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2018 Red Sox top prospect voting: Bobby Poyner rounds out the list

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The lefty comes in at number 20.

MLB: Boston Red Sox-Media Day Jasen Vinlove-USA TODAY Sports

It’s been a pretty good couple of days for Bobby Poyner. On Monday, we got official word that the left-handed pitcher is going to be on the Opening Day roster for the Red Sox. Now, a day later, he comes in as the number 20 prospect on our community rankings, an honor that is surely higher a bigger deal to him than making a stupid Opening Day roster for a major-league World Series contender.

Poyner is relatively new to being on the prospect map for the Red Sox, but he’s been in the organization for a few years. The southpaw was selected in the 14th round of the 2015 draft out of the University of Florida, eventually signing for a meager $10,000 signing bonus. While he did make some starts in college, he spent more time as a Gator in the bullpen and that soon became his full-time role as a professional. He made 17 strong appearances out of Lowell’s bullpen the summer he was drafted, giving him a clear path to making his full-season debut in 2016. Poyner made a hell of a first impression for Greenville that year, making 16 appearances for the Drive with 32 strikeouts and zero (0!) walks in 26 innings and a 0.35 ERA. That earned the then-23-year-old a promotion to Salem, but things weren’t as smooth in High-A. He made 23 appearances — including one start — totaling 39 23 innings for Salem and finished with a rough 4.99 ERA with 30 strikeouts and 11 walks.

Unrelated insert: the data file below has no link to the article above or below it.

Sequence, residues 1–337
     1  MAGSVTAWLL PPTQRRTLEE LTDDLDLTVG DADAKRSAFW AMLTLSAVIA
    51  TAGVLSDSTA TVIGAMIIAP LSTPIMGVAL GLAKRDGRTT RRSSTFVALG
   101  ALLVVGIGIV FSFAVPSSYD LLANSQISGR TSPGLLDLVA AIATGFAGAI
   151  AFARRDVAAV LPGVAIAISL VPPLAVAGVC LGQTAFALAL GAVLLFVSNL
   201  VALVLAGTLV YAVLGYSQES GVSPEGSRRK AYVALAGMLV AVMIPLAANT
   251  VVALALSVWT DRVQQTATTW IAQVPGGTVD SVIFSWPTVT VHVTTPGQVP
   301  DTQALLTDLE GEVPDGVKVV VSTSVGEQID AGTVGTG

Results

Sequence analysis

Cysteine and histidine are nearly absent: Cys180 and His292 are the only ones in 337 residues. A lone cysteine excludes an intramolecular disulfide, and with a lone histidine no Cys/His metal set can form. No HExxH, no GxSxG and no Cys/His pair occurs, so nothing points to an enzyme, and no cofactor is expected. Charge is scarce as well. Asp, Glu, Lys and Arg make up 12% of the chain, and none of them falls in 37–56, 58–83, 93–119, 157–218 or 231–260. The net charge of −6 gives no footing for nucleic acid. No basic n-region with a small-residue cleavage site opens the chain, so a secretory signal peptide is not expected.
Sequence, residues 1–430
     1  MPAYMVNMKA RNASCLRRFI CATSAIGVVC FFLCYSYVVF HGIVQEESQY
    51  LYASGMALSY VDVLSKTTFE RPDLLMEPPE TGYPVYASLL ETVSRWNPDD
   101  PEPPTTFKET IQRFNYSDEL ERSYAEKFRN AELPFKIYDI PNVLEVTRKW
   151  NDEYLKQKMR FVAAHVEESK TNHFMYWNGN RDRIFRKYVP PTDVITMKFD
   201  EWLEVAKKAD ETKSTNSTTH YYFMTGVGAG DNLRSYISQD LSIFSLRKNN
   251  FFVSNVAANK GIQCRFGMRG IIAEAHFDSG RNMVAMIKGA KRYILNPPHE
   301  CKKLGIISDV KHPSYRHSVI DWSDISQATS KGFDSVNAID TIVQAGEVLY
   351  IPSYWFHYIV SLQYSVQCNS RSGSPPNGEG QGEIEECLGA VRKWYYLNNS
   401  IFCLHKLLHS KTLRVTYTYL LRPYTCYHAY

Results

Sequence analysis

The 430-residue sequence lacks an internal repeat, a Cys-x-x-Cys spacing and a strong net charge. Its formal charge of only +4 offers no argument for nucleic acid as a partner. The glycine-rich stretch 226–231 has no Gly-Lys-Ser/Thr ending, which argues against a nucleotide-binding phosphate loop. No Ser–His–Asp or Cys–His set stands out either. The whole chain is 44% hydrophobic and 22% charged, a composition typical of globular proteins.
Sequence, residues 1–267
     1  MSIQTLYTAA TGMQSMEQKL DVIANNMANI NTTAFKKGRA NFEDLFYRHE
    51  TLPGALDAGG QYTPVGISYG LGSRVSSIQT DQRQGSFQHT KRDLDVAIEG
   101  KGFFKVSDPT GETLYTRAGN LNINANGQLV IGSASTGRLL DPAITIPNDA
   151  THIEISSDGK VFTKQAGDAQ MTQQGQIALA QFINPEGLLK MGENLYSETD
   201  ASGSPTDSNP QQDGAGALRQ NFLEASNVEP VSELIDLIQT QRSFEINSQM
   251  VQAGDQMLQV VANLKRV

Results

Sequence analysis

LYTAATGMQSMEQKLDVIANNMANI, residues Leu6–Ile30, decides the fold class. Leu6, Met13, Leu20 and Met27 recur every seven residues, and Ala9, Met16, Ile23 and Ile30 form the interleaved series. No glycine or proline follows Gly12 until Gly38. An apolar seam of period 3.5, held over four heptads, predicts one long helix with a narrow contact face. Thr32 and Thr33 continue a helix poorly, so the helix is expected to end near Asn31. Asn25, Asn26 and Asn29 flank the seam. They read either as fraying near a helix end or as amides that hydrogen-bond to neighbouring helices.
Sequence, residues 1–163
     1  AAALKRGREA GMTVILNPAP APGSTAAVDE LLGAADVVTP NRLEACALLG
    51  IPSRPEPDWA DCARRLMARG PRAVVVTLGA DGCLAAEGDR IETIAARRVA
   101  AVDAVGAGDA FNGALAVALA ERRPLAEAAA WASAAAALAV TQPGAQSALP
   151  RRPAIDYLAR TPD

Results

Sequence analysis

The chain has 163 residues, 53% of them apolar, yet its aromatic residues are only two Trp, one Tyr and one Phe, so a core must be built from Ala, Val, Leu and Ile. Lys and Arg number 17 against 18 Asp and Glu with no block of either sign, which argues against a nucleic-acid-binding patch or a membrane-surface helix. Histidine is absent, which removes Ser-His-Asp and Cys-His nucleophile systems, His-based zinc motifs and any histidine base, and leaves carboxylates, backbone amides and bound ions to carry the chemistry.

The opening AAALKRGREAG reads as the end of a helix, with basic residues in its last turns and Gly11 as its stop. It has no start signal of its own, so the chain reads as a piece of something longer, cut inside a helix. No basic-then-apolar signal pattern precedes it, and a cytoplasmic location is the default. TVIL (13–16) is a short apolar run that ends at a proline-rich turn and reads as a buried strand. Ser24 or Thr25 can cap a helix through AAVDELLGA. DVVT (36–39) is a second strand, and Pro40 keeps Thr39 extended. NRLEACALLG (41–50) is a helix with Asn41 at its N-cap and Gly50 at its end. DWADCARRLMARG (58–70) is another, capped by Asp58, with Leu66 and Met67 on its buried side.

All of this led to Poyner heading back to Salem to start the 2017 season as a 24-year-old who was reaching an age where he had to prove he could succeed in the lower levels. Well, succeed he certainly did. In 16 appearances to start the year in High-A, Poyner wasn’t totally dominant but he was solid, finishing with a 2.45 ERA with 32 strikeouts and just six walks in 22 innings of work. That led to a midseason promotion to Double-A Portland, and the lefty was electric with the SeaDogs. Poyner made 27 appearances spanning 38 innings in Portland, pitching to a 0.94 ERA with 52 strikeouts and 11 walks. Handling the midseason promotion in stride was a huge step after he struggled in that regard the previous season.

While Poyner has put up some dominant minor-league numbers that have included big strikeout totals, he doesn’t have traditionally dominant stuff. His fastball sits in the low-90s or sometimes even high-80s, and doesn’t have notably sick movement or anything. He also throws a changeup that works well against righties and a mediocre curveball. Despite the lackluster arsenal, Poyner uses a deceptive delivery to make his fastball appear harder than it is and just generally keep batters off-balance. It remains to be seen if it will work at the highest level, but it’s certainly gotten the job done in the minors.

As mentioned at the top, we won’t have to wait long to figure out how his delivery and lack of stuff will work in the majors, as Poyner is going to start the year on the major-league roster. There’s obviously no guarantee that he’ll spend the entire season in the majors, but if he doesn’t struggle there’s no reason for him to be demoted. After his dominant 2017 and impressive spring, it’s clear that the team views him as the best left-handed reliever in the organization and if he gets off to a hot start we could see him quickly become a more and more important piece in the bullpen. Pretty good for a 14th round pick who got a $10,000 signing bonus.

Here’s our full list:

  1. Jason Groome
  2. Michael Chavis
  3. Tanner Houck
  4. Bryan Mata
  5. Jalen Beeks
  6. Alex Scherff
  7. Sam Travis
  8. Mike Shawaryn
  9. Brian Johnson
  10. Josh Ockimey
  11. Cole Brannen
  12. Bobby Dalbec
  13. Darwinzon Hernandez
  14. C.J. Chatham
  15. Jake Thompson
  16. Roniel Raudes
  17. Hector Velazquez
  18. Danny Diaz
  19. Tzu-Wei Lin
  20. Bobby Poyner

And that’s all, folks! The minor-league season kicks off on April 5.